Study of the Week: New Gene Editing Approach to Treat Duchenne Muscular Dystrophy

Welcome to Study of the Week from Patient Worthy. In this segment, we select a study we posted about from the previous week that we think is of particular interest or importance and go more in-depth. In this story we will talk about the details of the study and explain why it’s important, who will be impacted, and more.

If you read our short form research stories and find yourself wanting to learn more, you’ve come to the right place.


This week’s study is…

Efficient precise in vivo base editing in adult dystrophic mice

We previously published about this research in a story titled “Modified Base Editing Could Correct DMD Mutations” which can be found here. The study was originally published in the science research journal Nature Communications. You can view the full text of the study here.

This research team was affiliated with The Ohio State University Wexner Medical Center and College of Medicine.

What Happened?

The promise of gene therapy and gene editing to treat genetic disorders has continued to grow steadily in recent years, with several gene therapies having been approved for use. Gene editing technologies such as CRISPR/Cas9 have also made headlines as a future approach to treating and even curing genetic illness. In this study, the research team developed and evaluated a new form of base editing that has the potential to correct mutations linked to Duchenne muscular dystrophy and certain cardiovascular diseases.

Base editing is an advanced form of gene editing that can potentially allow for precise adjustments in genes that can correct mutations; however, base editors are large and they can cause off-target effects, making in vivo editing a challenge. The researchers in this study modified an NG-targeting adenine base editor (iABE-NGA) in an attempt to overcome these limitations. The feasibility of this modified base editor was then tested using a widespread mouse model of Duchenne muscular dystrophy (DMD). 

The editor was delivered using an adeno-associated viral vector (AAV9-iABE-NGA). The approach saw improvements in the mice, such as better function and restoration of dystrophin. The iABE-NGA offers advantages over earlier technologies such as CRISPR, which cut the DNA. At 10 months, there was no clear toxicity detected by the researchers, and off-target activity appeared low. The scientists saw the restoration of dystrophin expression in 15 percent of skeletal muscle cells and 95 percent of heart cells (cardiomyocytes).

About Duchenne Muscular Dystrophy (DMD)

Duchenne muscular dystrophy is a neuromuscular disease, and it is one of the more severe types of muscular dystrophy. It is characterized by progressive muscle weakness that usually begins around age four and worsens quickly. As an X-linked genetic disease, males are mostly affected, with females only occasionally displaying mild symptoms. The disease is caused by mutations of the dystrophin gene. Symptoms of Duchenne muscular dystrophy include falling, abnormal walking posture, eventual loss of walking ability, muscle fiber deformities, intellectual disability (not in all cases), enlargement of the tongue and calf muscles, skeletal deformities, muscle atrophy, heart abnormalities, and difficulty with breathing. Treatment includes a variety of medications and therapies that can help alleviate symptoms and slow disease progression. Lifespan is usually into the thirties with good care. Better treatments for this disease are urgently needed. To learn more about Duchenne muscular dystrophy, click here.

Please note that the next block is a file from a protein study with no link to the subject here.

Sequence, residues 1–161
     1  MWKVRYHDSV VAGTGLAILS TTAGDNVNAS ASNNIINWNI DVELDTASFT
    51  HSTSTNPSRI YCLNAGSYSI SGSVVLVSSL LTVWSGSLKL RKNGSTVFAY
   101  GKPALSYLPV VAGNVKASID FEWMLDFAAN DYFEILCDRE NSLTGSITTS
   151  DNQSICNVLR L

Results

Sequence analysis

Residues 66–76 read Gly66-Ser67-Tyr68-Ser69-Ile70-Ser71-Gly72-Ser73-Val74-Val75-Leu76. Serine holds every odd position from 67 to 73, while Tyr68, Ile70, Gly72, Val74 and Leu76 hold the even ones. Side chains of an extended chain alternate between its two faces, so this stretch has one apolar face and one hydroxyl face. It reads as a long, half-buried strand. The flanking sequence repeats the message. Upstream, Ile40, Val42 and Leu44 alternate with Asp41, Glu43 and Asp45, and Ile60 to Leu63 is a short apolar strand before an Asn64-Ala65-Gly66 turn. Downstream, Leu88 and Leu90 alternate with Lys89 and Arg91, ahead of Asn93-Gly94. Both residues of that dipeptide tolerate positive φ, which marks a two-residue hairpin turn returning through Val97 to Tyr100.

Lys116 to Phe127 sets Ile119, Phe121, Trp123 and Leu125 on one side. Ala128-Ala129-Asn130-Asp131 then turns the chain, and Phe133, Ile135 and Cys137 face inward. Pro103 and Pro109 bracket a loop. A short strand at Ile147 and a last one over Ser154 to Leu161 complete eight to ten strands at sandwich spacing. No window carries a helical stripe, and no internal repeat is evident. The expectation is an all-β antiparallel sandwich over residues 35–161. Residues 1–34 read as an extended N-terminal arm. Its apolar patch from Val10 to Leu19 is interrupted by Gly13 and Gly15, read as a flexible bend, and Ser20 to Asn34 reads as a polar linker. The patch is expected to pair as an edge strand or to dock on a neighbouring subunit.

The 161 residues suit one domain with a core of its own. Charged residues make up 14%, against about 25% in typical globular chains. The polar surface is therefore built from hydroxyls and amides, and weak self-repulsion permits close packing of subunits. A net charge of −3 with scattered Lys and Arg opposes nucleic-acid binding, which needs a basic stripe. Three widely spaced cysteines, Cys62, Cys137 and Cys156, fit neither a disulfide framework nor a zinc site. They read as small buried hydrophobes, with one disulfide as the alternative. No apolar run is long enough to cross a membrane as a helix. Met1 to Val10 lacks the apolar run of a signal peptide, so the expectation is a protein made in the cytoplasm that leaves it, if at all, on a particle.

Why Does it Matter?

First and foremost, the findings from this study represent both an improvement in the base editing system and a potential avenue for a future therapy that could help treat Duchenne muscular dystrophy and genetic cardiomyopathies.

“It has significant implications for clinical translation. This type of base editing does not require repeated treatment since it directly modifies the genetic code and produces a long-lasting therapeutic effect. Since it also doesn’t cut the genomic DNA, which happens with CRISPR, there are no large DNA deletions and chromosomal rearrangements.” – lead author Renzhi Han

The editing efficiency with this approach was especially noted in the heart, which means that the approach could be used for a wide range of genetic diseases that affect this vital organ. There is still much research to be done before the method could be implemented as a treatment, however. This first step following these results would most likely be a larger scale mouse or other animal model study that could serve as further preclinical testing. 

Still, the findings are a cause for hope that the outcomes for patients with genetic cardiomyopathies and Duchenne muscular dystrophy could see real improvements in the future.

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